When looking for something to watch a few weeks ago, the trailer for False Positive (2021) immediately caught my attention. First, because I’m a sucker for A24 films. Second, because the trailer reminded me very strongly of Rosemary’s Baby (1968). Watching False Positive was not a disappointing experience. The film is an interesting art-house horror flick. More importantly, however, False Positive is intriguing when considered as a work of speculative fiction about the evils of the medical-industrial complex and social pressures that women face.
Adrian (Justin Theroux) and Lucia “Lucy” Martin (Ilana Glazer) have been trying to conceive a child for two years. Upon receiving fertility treatment from Dr. John Hindle (Pierce Brosnan), Adrian’s former teacher and a leading fertility doctor, the couple become pregnant with triplets: two boys and a girl. Dr. Hindle counsels the couple to abort either both of the boys or the girl in order to ensure a safe pregnancy with minimal complications. After making a difficult decision regarding which of the babies to keep, Lucy thinks the worst is behind her. As she nears her due date, however, Lucy wrestles with a growing sense of unease over her pregnancy and fears that both her husband and Dr. Hindle are keeping secrets from her. Lucy is haunted by strange dreams and vision, as well as gaslighting by Dr. Hindle, Adrian, and her female friend group. Nowhere seems safe for Lucy, until she turns to a Grace Singleton (Zainab Jah), a midwife who advocates for natural methods. In the end, the sinister truth about Dr. Hindle’s practice catches up to Lucy who decides to fight back.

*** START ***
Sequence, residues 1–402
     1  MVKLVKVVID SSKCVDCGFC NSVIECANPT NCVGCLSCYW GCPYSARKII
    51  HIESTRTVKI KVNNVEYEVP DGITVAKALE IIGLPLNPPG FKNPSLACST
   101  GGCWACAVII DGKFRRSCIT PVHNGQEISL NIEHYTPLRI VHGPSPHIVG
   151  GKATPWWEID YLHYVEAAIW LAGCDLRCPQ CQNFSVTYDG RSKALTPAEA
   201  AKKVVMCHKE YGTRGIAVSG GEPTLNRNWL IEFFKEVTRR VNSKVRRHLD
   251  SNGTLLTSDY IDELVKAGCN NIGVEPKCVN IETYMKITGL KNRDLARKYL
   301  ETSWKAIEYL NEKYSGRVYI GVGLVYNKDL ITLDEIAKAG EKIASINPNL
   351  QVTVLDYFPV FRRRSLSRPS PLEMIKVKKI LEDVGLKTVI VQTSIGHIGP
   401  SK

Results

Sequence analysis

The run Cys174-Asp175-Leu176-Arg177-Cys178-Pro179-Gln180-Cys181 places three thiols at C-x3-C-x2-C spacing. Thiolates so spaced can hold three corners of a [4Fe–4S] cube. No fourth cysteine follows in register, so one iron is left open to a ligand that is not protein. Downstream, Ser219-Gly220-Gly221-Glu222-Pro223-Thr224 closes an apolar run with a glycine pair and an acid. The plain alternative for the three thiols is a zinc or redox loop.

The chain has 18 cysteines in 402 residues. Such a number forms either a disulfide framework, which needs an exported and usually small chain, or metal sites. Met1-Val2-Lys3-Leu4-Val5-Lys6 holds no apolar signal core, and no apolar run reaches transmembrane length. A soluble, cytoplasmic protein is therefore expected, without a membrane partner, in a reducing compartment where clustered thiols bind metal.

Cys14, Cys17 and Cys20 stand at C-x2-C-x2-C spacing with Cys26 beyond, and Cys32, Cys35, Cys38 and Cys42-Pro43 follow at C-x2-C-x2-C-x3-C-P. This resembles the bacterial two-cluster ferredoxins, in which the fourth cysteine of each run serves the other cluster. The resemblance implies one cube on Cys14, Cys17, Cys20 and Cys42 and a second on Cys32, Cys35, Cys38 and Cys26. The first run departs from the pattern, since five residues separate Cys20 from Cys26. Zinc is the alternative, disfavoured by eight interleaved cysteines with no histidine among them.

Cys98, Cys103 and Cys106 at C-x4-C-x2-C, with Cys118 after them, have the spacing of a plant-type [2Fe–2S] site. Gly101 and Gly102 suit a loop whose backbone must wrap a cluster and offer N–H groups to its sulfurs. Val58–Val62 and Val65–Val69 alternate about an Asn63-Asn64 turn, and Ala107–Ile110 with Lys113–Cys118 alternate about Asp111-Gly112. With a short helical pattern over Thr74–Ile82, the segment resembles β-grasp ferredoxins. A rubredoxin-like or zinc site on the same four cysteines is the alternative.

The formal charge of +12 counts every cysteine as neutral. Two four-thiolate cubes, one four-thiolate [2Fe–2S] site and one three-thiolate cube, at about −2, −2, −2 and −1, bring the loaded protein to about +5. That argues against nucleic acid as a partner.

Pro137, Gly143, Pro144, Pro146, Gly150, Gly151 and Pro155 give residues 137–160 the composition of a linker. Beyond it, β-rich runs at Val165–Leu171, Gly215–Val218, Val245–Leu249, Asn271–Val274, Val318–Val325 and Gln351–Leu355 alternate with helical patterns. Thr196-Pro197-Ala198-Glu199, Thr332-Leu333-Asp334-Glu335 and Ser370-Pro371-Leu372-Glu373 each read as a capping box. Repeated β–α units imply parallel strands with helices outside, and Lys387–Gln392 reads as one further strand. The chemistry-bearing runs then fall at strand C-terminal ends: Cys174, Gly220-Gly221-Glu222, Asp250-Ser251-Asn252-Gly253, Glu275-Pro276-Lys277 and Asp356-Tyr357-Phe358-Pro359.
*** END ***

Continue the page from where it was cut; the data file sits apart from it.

What stood out to me most in this film and prompted me to watch it were the allusions to Rosemary’s Baby. The scene in which Lucy undergoes fertility treatment and dreams of the Devil is very similar to the scene of Rosemary’s (Mia Farrow) rape. The fact that Lucy’s husband is named Adrian and wants to name one of their children Adrian seems to be a reference to Adrian as the name of Rosemary’s son. Beyond these references, both films have the theme of a female protagonist who senses that she is the object of a conspiracy but doesn’t have the language to articulate her fears or the resources to which to turn to for help.
Unlike Rosemary’s Baby, False Positive has less to do with supernatural forces and more to do with the evil side of the medical-industrial complex. Dr. Hindle represents this dark force as a character who disguises his lust for profit and fame with the false motive of care for women. He is dismissive of women’s intuitions about their bodies and depersonalizes his patients. Dr. Hindle’s character strongly juxtaposes with that of Grace Singleton, the earthy and mystical midwife. Singleton listens to Lucy’s past trauma and concerns, offering a narrative of female empowerment and freedom from the humiliating subjugation of modern medicine. Unlike the sterile rooms and fake smiles that characterize Dr. Hindle’s practice, Singleton’s office is a calming place filled with candles and vaguely ethnic décor. Unfortunately for Lucy, Singleton’s mystique proves to be a misleading distraction that cannot protect her.
It is very important to me not to give away the ending of this film. Suffice to say, False Positive is a very good movie. Although it was disturbing to watch, it is an artistic film that is both thought-provoking and true to the cathartic nature of a good horror movie.